- Configuring a New Result Template
- Creating a Simple Listing Page
- Inserting and Configuring a Global Search Box
- Inserting and Customizing a Distance Resources Component
- Inserting Custom Components in an Existing Search Interface
- Integrate the Search Interface in an Existing Page
- Translating Fields to the Coveo Format
- Overriding Coveo for Sitecore Hive Initialization Options
- Creating a Custom Hive Component - Multi-Sort Tutorial
Translating Fields to the Coveo Format in Coveo for Sitecore Hive Framework
This page explains how to translate fields in the Coveo format for a Coveo for Sitecore Hive Framework page.
Why Translate Fields
When working with Coveo for Sitecore, you need to translate your fields into the Coveo format that matches the index you are using. Sitecore field names are encoded by default before being saved in the Coveo index. The reason is to avoid field collision when multiple Sitecore instances are indexed in the same Coveo index (see Adding External Fields in Coveo for Sitecore).
For instance, the field
haslayout in the
coveo_master_index might look like
fhaslayout83756, and the same field in the
coveo_web_index might look like
All field names receive prefix f and a numerical suffix made of one to five digits. Spaces are converted to
z are converted to
z122x. See examples below.
You have a Sitecore field called
jaguar. Since it is used in more than one site, it will be translated to
fjaguar34950 in one source and
fjaguar83756 in an other.
You also have a Sitecore field called
compatible renderings, which is encoded as
fcompatiblez32xrenderings34950 in the
index name, which becomes
findez120xz32xname34950 in that same index.
Thus, the way the field is translated depends on the current context:
- Master context
- Web context
- Web site context among multiple sites
Translating your fields ensures that the correct field is resolved depending on the context.
This context is provided by the CoveoForSitecoreContextcomponent.
How to Translate Fields
Given the following markup:
<div class="CoveoFacet" data-field="@myfield"></div>
The end result that you want to have is:
<div class="CoveoFacet" data-field="@fmyfield2053"></div>
This value should not be hardcoded since it could change between contexts.
The following sections present and describe two ways to leverage the context and still achieve this result.
Using a Prebinding Helper Method
Coveo for Sitecore Hive Framework introduces a new concept to transform markup values using the current context.
fieldTranslator prebinding method allows for translating the field directly. Given the example from the How to Translate Fields section, you could use prebinding:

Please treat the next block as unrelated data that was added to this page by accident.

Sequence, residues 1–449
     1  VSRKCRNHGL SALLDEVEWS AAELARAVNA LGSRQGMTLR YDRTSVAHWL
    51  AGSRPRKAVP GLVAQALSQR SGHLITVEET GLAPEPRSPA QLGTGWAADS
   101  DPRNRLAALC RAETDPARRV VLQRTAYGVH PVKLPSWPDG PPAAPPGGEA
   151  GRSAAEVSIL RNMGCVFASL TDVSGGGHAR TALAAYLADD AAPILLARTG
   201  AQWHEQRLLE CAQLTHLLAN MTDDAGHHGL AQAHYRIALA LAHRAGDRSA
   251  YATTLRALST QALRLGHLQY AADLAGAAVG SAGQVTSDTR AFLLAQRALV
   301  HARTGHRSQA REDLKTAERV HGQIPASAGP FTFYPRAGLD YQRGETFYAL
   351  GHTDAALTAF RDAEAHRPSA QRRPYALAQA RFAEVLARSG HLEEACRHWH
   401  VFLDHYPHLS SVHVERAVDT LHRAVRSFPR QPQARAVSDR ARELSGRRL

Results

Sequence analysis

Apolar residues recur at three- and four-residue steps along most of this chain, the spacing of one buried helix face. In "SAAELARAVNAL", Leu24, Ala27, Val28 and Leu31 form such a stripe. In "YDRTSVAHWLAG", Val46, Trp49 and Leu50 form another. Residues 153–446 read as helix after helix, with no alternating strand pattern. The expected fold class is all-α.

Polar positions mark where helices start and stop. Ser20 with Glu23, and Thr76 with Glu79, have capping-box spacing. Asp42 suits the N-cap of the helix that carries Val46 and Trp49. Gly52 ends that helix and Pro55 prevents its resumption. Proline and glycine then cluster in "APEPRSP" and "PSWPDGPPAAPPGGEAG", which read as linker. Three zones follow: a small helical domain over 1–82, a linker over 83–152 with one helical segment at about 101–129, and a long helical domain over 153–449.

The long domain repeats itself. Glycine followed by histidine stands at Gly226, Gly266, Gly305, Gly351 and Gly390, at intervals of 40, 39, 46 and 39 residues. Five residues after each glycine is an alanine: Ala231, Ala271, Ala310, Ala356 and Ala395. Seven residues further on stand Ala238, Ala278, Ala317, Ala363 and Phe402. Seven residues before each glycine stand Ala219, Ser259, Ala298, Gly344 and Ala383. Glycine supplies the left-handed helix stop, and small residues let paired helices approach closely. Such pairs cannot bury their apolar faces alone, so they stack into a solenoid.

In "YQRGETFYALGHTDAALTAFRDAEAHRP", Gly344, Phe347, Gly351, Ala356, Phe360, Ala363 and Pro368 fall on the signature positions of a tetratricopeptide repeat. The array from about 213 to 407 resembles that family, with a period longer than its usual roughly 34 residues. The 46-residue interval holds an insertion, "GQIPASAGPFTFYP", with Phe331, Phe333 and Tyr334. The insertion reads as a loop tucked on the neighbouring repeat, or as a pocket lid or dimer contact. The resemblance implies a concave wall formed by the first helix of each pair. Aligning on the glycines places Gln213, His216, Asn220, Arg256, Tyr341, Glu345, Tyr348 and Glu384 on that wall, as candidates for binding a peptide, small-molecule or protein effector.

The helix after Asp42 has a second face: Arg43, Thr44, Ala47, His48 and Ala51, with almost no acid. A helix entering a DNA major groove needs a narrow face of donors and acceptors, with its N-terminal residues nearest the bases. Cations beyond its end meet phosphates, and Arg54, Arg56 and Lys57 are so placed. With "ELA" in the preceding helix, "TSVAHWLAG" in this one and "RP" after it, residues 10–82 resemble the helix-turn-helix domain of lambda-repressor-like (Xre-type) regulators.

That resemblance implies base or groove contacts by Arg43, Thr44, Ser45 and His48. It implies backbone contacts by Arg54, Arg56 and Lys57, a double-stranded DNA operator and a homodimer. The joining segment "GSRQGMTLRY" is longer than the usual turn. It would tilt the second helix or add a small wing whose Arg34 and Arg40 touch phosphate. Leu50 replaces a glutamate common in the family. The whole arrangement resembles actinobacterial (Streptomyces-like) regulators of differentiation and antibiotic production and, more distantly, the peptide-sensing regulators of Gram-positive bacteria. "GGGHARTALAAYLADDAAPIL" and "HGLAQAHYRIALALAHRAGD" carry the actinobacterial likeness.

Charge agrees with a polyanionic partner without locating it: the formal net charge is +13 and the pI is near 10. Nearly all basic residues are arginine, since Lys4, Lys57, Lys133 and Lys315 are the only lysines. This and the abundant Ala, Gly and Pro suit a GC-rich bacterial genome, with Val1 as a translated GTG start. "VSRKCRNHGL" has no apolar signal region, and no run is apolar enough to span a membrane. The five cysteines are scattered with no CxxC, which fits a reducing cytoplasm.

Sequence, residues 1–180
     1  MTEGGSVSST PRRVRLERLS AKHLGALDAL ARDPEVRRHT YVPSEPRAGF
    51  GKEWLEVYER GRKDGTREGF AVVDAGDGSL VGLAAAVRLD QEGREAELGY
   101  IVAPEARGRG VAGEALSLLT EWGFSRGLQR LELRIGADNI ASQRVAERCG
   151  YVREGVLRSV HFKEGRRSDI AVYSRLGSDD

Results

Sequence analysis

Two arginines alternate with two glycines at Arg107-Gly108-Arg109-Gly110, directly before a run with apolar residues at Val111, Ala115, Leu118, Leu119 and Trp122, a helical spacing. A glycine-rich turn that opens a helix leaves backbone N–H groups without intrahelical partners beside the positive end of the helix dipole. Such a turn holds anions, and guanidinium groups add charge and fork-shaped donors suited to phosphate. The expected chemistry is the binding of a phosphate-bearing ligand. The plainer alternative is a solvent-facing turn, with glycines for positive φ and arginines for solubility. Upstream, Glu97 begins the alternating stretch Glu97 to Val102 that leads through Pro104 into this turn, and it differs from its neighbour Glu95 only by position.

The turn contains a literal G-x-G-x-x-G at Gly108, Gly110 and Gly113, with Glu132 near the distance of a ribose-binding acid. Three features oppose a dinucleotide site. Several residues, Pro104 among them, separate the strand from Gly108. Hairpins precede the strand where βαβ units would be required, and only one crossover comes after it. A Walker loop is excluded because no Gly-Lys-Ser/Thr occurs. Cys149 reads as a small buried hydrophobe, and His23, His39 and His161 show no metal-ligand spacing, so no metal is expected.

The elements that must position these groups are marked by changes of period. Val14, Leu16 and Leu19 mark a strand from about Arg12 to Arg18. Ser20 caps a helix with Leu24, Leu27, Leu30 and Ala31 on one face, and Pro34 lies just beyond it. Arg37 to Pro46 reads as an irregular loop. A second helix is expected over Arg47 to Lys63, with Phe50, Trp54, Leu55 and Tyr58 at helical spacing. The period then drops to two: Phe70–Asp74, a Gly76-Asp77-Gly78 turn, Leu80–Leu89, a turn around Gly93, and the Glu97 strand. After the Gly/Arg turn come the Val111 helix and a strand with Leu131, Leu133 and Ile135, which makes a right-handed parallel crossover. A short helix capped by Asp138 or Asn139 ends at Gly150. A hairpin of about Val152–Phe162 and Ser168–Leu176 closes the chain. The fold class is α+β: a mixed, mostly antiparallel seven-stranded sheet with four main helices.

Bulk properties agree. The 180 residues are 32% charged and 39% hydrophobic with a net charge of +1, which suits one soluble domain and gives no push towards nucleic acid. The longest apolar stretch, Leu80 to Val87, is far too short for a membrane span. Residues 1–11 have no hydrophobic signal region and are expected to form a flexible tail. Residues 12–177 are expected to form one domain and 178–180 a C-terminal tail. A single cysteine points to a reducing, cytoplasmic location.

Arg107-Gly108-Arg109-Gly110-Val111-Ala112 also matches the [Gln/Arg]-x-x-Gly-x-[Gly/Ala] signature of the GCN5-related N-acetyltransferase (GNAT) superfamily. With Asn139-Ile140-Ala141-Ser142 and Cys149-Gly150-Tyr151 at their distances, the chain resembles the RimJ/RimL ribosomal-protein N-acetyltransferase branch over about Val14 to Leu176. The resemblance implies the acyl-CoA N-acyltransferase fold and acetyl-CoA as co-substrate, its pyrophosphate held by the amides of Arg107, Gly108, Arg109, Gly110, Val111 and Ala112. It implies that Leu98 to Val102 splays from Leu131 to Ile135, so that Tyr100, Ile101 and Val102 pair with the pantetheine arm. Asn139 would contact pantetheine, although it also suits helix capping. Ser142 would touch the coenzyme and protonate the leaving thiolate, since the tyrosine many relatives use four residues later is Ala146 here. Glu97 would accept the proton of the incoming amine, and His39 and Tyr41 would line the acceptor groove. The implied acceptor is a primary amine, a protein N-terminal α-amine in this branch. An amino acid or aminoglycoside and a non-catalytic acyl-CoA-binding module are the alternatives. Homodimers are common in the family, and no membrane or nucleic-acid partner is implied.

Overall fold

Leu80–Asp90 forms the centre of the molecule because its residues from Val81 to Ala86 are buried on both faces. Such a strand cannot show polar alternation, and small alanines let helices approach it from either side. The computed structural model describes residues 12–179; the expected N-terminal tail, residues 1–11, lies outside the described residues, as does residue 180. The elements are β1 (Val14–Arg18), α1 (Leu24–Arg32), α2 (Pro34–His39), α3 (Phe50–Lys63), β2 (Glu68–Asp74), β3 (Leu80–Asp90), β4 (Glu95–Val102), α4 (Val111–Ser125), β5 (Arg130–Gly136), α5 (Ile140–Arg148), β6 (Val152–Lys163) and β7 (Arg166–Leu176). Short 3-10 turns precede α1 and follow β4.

<div class="CoveoFacet" data-field="@myfield" data-prebind-field="fieldTranslator"></div>
At run-time, when initializing the Search Interface, you should get the following markup:
<div class="CoveoFacet" data-field="@fmyfield2053" data-prebind-field="fieldTranslator"></div>
fieldTranslator prebinding method can be used with any attribute that is a field.
This approach is the recommended one to translate fields easily.
If the attribute requires the
@ character, you must put it in the original attribute value.
Coveo for Sitecore provides a static helper method meant to translate fields. Try applying the following code:
Given the example from the How to Translate Fields section, you should add a unique ID like the following code:
<div id="myfacet" class="CoveoFacet"></div>
<div id="myfacet" class="CoveoFacet"></div> <script> var myFacetElement = document.getElementById("myfacet"); </script>
Then, set a value using the following code:
<div id="myfacet" class="CoveoFacet"></div> <script> var myFacetElement = document.getElementById("myfacet"); myFacetElement.dataset.field = CoveoForSitecore.Context.fields.toCoveo("@myfield"); </script>
When the code is executed, it should give the same end-result as the other method:
<div id="myfacet" class="CoveoFacet" data-field="@fmyfield2053"></div>
However, this approach requires a way to retrieve the original element, like an ID.
This approach is recommended if you have complex logic to compute the attribute.
For instance, you might want to build a complete query expression instead of a simple field value. You can create your expression like the following example:
<div id="mycustomexpression" class="CoveoForSitecoreFilterExpression"></div> <script> var myCustomExpressionElement = document.getElementById("mycustomexpression"); myFacetElement.dataset.scFilterExpression = CoveoForSitecore.Context.fields.toCoveo("myfield") + "==1"; </script>
This will output the following attribute:
<div id="mycustomexpression" class="CoveoForSitecoreFilterExpression" data-sc-filter-expression="@fmyfield2053==1"></div>
Prefer the Prebinding Helper method when possible.